"Unlike short-haul terrestrial fiber cables or old copper cables where the fiber did not emit noticeable fields, undersea cables must carry high voltage power to the undersea repeaters, which result in both electric and magnetic fields around and along the cable ... Some sharks mistaken the electric fields for distressed fish and attempt to feed on the cable," a report studying the phenomenon has noted.
"Just a little bite is enough to get through the jacket and damage the fibres," Chris Lowe, a professor who runs shark lab at California State University, Long Beach, was quoted as saying.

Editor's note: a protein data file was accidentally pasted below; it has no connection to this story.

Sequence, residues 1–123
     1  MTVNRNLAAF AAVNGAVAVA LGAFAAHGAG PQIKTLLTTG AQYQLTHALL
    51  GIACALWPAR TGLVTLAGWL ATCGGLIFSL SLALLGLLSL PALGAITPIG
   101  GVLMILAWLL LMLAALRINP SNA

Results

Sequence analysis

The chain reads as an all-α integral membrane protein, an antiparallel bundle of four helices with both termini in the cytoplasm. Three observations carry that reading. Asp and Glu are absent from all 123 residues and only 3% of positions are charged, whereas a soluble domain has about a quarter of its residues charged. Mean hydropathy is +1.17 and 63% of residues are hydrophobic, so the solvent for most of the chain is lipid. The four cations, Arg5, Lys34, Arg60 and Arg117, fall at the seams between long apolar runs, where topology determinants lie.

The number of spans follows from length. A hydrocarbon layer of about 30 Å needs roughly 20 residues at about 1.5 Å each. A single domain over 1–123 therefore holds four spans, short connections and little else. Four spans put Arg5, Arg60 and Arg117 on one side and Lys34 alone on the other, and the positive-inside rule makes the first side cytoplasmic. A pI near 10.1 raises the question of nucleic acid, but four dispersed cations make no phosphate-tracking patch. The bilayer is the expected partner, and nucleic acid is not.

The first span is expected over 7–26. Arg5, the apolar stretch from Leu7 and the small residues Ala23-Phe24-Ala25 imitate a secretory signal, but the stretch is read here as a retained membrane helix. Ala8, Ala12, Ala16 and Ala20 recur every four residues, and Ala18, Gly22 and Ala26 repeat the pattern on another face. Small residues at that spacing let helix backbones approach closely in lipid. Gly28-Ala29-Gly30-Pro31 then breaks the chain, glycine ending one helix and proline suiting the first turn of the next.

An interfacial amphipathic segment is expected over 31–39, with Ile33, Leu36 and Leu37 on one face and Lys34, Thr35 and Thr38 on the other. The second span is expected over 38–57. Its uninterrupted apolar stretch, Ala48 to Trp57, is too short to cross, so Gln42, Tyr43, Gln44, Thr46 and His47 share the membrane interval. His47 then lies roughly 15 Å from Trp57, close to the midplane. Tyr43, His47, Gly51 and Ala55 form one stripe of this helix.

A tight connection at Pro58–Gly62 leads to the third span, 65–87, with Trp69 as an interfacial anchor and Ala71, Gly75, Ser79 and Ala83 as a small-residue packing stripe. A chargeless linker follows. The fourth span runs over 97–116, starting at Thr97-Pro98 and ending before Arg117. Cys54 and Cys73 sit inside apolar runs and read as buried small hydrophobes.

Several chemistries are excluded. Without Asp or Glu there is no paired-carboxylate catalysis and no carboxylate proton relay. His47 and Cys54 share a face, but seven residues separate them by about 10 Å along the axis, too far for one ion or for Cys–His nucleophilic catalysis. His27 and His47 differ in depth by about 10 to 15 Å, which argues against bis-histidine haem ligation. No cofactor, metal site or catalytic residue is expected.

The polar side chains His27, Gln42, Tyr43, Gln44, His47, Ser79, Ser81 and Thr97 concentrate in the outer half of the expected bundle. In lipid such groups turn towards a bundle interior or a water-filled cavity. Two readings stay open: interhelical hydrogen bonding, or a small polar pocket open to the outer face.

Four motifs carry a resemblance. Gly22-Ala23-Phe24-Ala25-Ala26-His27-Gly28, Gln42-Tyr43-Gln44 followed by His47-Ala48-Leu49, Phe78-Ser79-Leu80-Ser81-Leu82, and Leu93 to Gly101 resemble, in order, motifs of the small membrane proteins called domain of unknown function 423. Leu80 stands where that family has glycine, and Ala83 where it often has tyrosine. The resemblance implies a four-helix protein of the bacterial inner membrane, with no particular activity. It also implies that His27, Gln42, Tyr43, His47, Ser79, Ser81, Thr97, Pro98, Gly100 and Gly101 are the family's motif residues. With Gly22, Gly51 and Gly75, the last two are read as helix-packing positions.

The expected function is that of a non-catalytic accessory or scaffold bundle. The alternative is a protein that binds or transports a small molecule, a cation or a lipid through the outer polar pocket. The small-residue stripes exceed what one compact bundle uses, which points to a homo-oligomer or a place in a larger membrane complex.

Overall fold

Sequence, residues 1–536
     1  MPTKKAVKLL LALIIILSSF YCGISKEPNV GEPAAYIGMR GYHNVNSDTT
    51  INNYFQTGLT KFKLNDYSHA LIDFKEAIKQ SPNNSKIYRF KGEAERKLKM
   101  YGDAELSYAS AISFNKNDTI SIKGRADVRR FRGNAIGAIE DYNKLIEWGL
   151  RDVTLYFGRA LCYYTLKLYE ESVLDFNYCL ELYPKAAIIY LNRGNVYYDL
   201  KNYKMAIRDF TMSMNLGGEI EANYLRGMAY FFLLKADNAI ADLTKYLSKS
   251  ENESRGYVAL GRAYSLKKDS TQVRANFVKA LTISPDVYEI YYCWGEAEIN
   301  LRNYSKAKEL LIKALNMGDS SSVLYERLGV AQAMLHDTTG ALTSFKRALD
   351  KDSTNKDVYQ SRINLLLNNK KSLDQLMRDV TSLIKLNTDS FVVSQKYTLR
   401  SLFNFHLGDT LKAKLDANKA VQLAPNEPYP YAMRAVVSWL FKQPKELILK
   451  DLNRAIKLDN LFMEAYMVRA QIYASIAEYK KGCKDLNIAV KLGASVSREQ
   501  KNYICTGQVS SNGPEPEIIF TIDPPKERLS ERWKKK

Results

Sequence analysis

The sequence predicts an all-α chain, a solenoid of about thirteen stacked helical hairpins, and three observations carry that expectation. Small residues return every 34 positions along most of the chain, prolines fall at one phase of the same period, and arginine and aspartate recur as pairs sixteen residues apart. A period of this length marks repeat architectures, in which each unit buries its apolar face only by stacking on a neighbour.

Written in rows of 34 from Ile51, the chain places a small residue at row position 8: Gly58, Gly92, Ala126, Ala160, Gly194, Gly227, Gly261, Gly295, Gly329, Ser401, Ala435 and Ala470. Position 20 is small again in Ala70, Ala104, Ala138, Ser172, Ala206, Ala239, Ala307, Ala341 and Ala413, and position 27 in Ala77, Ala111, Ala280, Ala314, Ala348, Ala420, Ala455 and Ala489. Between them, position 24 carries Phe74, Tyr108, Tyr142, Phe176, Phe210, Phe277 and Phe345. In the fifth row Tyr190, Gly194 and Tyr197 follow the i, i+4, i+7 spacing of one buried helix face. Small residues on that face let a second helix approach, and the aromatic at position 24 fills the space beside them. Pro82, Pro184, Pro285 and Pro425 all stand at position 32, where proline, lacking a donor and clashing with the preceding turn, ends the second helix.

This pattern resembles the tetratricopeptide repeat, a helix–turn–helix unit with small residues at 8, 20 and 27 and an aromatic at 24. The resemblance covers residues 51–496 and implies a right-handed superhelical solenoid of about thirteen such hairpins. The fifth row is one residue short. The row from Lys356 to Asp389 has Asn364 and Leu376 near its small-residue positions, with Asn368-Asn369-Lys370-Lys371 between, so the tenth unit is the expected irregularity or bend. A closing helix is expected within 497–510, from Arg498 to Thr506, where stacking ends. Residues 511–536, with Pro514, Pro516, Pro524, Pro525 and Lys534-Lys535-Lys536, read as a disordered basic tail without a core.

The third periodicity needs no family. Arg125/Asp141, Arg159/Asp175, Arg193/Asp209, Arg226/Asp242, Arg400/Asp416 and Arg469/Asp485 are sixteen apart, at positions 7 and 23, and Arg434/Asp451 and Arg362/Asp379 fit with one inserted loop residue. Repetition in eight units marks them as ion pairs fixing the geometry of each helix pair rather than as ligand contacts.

Google, however, ensures its cable is sheathed in a Kevlar-like protective coating to keep the sharks from chomping through the line, Network World reported, quoting Google product manager Dan Belcher from a Google marketing event in Boston last week.
Since fiber is made of fragile glass, its casing is built to protect it from breaking. A fiber-optic cable often includes (listed from the outer layer inward): An outer polyurethane jacket, a protective layer (made from a material like kevlar), a plastic coating (in different colors, so technicians can follow the path of each strand), and enclosed in all of these, a glass fiber.
At the event, Belcher also played a video of a shark attempting to eat some undersea fiber optic cables.